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Over Halloween we saw the usual glut of malicious sites hijacking spooky search engine results. Today looks to bring some more search engine result hijacking opportunities for the bad guys.
Adobe have published details of a critical vulnerability the following applications.
Adobe Flash Player 10.1.85.3 and earlier versions
Adobe Reader 9.4 and earlier 9.x versions
Adobe Acrobat 9.4 and earlier 9.x versions
The vulnerability could cause a crash and potentially allow an attacker to take control of the affected system.
Mozilla have published an update for their Firefox browser that fixes a critical security issue that could potentially allow remote code execution.
Users are strongly recommended to update to the latest version. To update manually, select 'Check for Updates' from the Help menu then clicking on "CHeck for Updates"
More information about the updates is available here.
Fast turnaround on the fix, Mozilla - well done.
From the Mozilla blog:
Mozilla is aware of a critical vulnerability affecting Firefox 3.5 and Firefox 3.6 users. We have received reports from several security research firms that exploit code leveraging this vulnerability has been detected in the wild.
Windows is an attractive platform for the malware writers, in part, because of the sheer number of users. As Microsoft creep towards making their offerings more secure, applications are increasingly becoming the focus for vulnerability exploitation.
Like Windows, Adobe products are a default software choice for most users. The bad guys know this and realise that its profitable to scrutinise their applications for exploitable vulnerabilities and create malware to take advantage of the fact.
Firefox 3.6.11 and Thunderbird 3.15 have been released which include security updates for several critical vulnerabilities that can be exploited to run malicious code. Users are advised to update these applications.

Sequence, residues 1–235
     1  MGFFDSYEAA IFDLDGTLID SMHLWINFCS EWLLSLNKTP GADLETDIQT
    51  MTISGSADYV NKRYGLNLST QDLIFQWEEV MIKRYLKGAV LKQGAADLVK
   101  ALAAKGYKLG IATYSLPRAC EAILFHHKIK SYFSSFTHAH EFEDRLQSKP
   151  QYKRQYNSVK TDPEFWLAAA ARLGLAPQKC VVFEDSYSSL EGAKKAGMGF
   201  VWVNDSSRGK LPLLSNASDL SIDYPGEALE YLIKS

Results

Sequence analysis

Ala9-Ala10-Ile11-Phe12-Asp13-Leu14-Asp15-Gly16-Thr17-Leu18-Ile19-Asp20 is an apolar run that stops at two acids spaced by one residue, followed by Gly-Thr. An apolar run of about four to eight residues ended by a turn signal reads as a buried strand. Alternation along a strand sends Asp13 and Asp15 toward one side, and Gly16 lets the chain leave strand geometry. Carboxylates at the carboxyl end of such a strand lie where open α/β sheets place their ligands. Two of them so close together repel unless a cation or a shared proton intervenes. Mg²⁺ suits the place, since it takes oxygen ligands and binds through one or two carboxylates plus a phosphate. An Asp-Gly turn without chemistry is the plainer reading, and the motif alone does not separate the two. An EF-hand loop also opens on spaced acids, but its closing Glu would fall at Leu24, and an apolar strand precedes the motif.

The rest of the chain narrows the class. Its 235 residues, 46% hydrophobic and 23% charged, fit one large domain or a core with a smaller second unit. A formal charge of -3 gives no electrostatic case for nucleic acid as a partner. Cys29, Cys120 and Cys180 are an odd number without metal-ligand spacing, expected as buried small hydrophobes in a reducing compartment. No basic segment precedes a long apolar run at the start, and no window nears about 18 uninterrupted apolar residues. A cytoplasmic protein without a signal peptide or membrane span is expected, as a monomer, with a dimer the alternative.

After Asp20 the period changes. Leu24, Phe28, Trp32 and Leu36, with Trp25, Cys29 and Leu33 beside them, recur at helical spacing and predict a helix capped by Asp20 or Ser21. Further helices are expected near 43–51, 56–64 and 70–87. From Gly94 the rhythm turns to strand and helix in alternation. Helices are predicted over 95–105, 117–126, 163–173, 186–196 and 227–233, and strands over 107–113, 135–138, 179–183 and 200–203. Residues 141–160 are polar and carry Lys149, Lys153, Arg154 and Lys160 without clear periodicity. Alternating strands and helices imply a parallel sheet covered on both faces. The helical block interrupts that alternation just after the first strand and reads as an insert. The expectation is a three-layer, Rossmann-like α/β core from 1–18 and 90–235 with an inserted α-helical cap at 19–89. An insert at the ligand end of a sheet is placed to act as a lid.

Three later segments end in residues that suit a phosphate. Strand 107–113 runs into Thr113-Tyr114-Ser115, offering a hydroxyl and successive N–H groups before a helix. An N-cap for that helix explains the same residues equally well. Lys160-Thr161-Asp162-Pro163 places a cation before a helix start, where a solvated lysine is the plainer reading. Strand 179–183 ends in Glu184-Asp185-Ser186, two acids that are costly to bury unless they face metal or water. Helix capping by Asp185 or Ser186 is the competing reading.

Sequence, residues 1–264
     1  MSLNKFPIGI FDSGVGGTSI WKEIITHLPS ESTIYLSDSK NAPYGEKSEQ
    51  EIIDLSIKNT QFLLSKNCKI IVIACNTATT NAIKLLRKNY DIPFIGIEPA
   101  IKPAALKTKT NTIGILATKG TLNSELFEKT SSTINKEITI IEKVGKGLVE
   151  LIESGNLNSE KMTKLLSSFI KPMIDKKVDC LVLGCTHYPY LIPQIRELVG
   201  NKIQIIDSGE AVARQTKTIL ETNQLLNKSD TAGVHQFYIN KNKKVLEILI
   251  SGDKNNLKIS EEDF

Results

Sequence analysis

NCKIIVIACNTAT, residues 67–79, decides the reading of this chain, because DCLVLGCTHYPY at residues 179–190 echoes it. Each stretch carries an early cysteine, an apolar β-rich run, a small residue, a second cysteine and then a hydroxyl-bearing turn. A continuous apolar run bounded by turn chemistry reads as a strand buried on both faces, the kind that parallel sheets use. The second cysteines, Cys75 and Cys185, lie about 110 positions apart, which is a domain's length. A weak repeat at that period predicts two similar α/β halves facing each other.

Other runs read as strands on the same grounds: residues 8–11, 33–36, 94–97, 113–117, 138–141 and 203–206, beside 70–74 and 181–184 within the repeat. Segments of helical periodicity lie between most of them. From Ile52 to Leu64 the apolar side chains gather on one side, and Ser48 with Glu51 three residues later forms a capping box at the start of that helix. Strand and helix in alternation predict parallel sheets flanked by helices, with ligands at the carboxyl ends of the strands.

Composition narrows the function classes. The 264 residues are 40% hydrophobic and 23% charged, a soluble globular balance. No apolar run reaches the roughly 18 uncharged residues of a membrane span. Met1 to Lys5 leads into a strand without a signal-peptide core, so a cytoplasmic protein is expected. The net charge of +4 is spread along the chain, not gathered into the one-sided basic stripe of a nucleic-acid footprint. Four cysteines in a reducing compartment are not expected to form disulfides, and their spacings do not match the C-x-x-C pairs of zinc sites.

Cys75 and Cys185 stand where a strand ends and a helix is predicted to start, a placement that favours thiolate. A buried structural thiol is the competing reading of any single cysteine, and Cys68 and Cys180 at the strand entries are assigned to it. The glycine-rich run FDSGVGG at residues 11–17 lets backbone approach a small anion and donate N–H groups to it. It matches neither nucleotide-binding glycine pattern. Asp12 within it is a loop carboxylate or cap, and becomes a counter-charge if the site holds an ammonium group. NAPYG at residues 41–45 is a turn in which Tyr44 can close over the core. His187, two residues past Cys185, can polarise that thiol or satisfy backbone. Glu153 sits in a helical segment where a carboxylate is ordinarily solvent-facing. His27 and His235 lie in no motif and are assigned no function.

Full details about the updates here:
Its a good idea to set these applications to check for updates automatically.
RealNetworks, Inc. have published product upgrades addressing vulnerabilities in RealPlayer SP 1.1.4 and earlier.
The vulnerabilities may allow an attacker to execute arbitrary code.
Windows users of RealPlayer SP 1.1.4 and earlier are advised to upgrade to the latest version here
For more information, visit RealNetworks' security advisory here
So, you’ve just bought a new PC or installed a fresh version of Windows. The simple fact is it's not as secure as it could be.
It doesn’t take much to tighten up your PC’s defenses - even if your computer has been up and running for a while, it’s not too late to carry out a security audit on your machine.
You probably wouldn’t leave your house without checking the windows are closed and the doors are locked. Why would you do that? Well, to stop someone breaking in and stealing your stuff or to prevent people just walking in and spray painting the walls.
Microsoft have released a number of patches to fix recently reported vulnerabilities within Windows, Office and Internet Explorer. These vulnerabilities may allow an attacker to gain control of your computer or cause it to crash.
More information about what has been patched is available from Microsoft's 10th October Security Bulletin here: http://www.microsoft.com/technet/security/bulletin/ms10-oct.mspx
If you don't have automatic updates enabled, install the updates by visiting https://www.update.microsoft.com
October is Cybersecurity Awareness Month so we thought we'd contribute by providing some practical, easy to digest and useful information on how to strengthen your PC's defences against attacks.
I'll be discussing what to secure and exactly how to do it, focusing on the ‘how’ more than the ‘why’. Just follow along - it’s easy. Here's what will be covered in some upcoming blogs: